Adding to the economic pressure, investors are demonstrating their own anxieties about the firing of judges and Bukele's future plans by selling heavy volumes of Salvadoran bonds. Unless Bukele can persuade outsiders that he's committed to rule-of-law protections for El Salvador's private sector and foreign investors, it will become far more expensive for his government to borrow money. An IMF package for the country worth $1 billion could be put on hold, and the Biden administration will have plenty of say in that.

So, who has the leverage here?

For now, there's little sign that Bukele will reverse his authoritarian push.

Bukele needs money to see his country through the pandemic and to fund the social and infrastructure spending he's promised. In particular, he needs money from the U.S., and from the International Monetary Fund, an organization in which Washington has the loudest voice. The U.S. is El Salvador's largest trade partner, and money sent home by the more than 2 million Salvadorans living in the U.S. accounts for more than 20 percent of El Salvador's GDP.

But Bukele knows the Biden administration is dealing with a border crisis as surging numbers of migrants from the so-called Central American triangle countries—El Salvador, Honduras, and Guatemala—flee uncertainty and violence in their countries to try to apply for asylum in the U.S. According to recent reporting from Nick Miroff of the Washington Post, most of the families reaching the border are from Honduras, and most unaccompanied children are from Guatemala, where unemployment is high and smuggling networks are the most active. For now, the number of desperate people from El Salvador has slowed, but that's in part a result of ceasefires among criminal gangs, truces that may not last.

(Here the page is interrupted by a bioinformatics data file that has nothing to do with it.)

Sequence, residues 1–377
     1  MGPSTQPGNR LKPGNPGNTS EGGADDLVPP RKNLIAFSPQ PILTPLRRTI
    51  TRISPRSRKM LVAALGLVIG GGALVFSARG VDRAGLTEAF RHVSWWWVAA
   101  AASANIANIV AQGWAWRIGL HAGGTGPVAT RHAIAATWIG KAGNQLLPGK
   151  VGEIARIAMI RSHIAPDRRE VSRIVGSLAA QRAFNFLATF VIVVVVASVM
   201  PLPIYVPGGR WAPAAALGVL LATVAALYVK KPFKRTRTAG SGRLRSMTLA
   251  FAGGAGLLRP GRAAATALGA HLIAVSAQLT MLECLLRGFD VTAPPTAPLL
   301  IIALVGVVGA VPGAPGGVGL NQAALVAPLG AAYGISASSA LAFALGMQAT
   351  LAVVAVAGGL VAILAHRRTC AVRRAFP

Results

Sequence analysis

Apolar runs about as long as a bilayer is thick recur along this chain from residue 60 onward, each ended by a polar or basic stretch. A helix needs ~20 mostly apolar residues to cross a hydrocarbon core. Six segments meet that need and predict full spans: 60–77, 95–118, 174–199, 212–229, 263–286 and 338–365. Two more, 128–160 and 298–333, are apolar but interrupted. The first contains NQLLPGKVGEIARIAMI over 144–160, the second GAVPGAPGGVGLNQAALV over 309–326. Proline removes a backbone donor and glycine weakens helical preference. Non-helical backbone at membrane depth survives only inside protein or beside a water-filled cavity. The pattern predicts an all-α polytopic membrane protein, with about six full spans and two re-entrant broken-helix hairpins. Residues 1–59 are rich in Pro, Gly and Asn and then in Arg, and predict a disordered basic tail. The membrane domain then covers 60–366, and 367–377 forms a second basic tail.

Bukele is betting that the U.S. will limit its actions to public expressions of concern while continuing to send cash to keep El Salvador afloat to avoid a larger border crisis. But the U.S. knows Bukele has few alternative options. He can pressure local banks for funds and raid the country's pension plans by nationalizing them. He can ask China, which has not criticized his actions, to help El Salvador patch holes in its budget. But his government will face serious financial stress and risk default on its debt (nearly 90% of GDP) over the next couple of years. The Biden administration could also send most of the promised funds directly to civil society groups inside El Salvador, rather than to its government.

For now, Bukele is sticking to his guns. At a meeting with European and Canadian diplomats on May 4, he insisted that “elections have consequences” and that his actions are entirely justified.

The One Major Misconception About It

Some describe Bukele as a hipster version of Donald Trump. Yes, he got along well with Trump. Much of his popularity rests on the visible break with the existing political establishment that he represents. He rose to power on promises to “drain the swamp” of his country's political culture, and he's uses social media to great effect. (OK, I guess he is a little like Trump.)

But the comparison ignores critical differences. As President of the United States, world leaders were forced to accommodate Trump. Not so the president of a small country that depends on outsiders for the financing it needs to survive. On the other hand, Bukele has amassed a degree of power within his borders that Trump could only dream of. U.S. courts did not buckle under pressure from Trump. The Pentagon regularly resisted his pronouncements, and even Republicans in Congress sometimes quietly overrode his plans, particularly on foreign policy questions like sanctions on Russia.

The One Thing to See

To appreciate Bukele's iconoclastic political instincts, here's a clip of his speech to the UN General Assembly in 2019 not long after he took office. It opens with a selfie from the world's most famous podium and a friendly suggestion that governments could save lots of money by limiting future sessions of the UN General Assembly to a Zoom call.